What is hyperhidrosis?
Hyperhidrosis is a pathological condition characterised by excessive sweating by sweat glands.
Depending on the site affected, it is characterised as focal or generalised. Focal hyperhidrosis can be idiopathic (primary), related to neuropathies, or it may be a result of diseases and wounds that affect the sympathetic nervous system. Generalised hyperhidrosis is usually secondary. Endocrinological and metabolic disorders, such as diabetes, hypoglycaemia and menopause, as well as neurological disorders may be accompanied by generalised hyperhidrosis.
Which body areas are affected?
Primary hyperhidrosis usually affects the armpits, palms of the hands, soles of feet and the face.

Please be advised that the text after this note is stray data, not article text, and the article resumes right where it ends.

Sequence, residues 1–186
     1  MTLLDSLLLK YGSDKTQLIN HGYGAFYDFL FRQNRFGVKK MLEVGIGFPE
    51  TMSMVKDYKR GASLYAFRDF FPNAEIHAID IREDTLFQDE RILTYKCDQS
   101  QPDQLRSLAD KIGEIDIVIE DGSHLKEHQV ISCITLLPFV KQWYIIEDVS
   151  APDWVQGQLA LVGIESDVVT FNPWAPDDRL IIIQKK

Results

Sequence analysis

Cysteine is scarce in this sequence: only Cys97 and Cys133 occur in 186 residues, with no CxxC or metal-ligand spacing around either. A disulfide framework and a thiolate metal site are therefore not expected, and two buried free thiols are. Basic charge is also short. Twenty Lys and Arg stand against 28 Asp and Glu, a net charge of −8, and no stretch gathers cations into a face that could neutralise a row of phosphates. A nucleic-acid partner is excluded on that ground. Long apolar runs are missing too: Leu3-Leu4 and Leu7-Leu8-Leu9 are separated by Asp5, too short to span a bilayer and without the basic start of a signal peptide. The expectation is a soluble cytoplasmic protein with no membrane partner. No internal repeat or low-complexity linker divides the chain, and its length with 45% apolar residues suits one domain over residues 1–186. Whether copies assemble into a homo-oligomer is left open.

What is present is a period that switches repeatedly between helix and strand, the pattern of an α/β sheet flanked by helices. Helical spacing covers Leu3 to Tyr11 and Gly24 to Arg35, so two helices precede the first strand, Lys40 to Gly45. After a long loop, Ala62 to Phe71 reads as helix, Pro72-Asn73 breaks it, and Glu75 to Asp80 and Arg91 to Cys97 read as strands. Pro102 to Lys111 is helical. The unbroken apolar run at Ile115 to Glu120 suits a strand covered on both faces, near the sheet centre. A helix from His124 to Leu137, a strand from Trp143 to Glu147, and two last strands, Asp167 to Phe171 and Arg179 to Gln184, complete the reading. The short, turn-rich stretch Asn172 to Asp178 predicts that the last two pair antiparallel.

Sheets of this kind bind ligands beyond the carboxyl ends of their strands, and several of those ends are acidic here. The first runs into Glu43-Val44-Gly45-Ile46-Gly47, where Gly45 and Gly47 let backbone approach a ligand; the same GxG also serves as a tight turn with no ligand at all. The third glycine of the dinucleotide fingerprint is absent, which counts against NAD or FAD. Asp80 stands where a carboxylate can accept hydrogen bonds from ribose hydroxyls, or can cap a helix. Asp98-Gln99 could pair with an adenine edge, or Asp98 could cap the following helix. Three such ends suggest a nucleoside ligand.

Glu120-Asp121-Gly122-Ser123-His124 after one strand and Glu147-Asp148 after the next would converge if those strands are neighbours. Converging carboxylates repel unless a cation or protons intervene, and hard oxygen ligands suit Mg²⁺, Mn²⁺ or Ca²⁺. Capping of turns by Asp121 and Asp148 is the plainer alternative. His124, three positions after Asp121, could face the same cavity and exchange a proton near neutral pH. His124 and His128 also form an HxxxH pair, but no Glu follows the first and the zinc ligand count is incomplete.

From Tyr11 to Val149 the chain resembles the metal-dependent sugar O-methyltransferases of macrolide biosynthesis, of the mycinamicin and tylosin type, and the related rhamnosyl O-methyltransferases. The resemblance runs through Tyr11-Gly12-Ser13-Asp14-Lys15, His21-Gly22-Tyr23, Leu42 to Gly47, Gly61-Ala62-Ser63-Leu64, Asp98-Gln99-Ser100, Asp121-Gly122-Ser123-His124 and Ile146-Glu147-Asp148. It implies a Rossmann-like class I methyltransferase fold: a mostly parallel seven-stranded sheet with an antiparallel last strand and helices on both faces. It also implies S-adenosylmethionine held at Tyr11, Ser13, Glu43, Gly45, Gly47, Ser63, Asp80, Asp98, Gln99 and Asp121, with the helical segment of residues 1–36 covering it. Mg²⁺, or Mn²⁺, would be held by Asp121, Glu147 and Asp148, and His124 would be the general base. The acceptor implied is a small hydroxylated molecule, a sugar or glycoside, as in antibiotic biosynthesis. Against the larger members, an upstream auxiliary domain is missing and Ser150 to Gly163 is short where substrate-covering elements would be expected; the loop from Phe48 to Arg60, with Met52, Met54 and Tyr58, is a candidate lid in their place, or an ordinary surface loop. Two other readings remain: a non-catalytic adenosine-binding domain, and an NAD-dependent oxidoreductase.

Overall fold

There are several types of treatments for hyperhidrosis, including antiperspirant sprays and creams, iontophoresis (suppresses sweat glands using galvanic electrical current), surgical removalof thesweat glands, sympathectomy which disables the sympathetic nerves that stimulate the glands
The currently most effective treatment for hyperhidrosis is achieved with Botulinum toxin typeA infusion. With this botulinum toxin treatment, the nervous stimulus is interrupted. In this particular treatment for hyperhidrosis, Botulinum Toxin disrupts the nervous stimulus that reaches the sweat glands, instructing them to produce sweat.
It should be noted that the application of Botulinum Toxin A in such conditions prevents excessive sweating rather than normal sweat production. Nearly 90% of patients respond to treatment for an average period ranging from 7 to 8 months.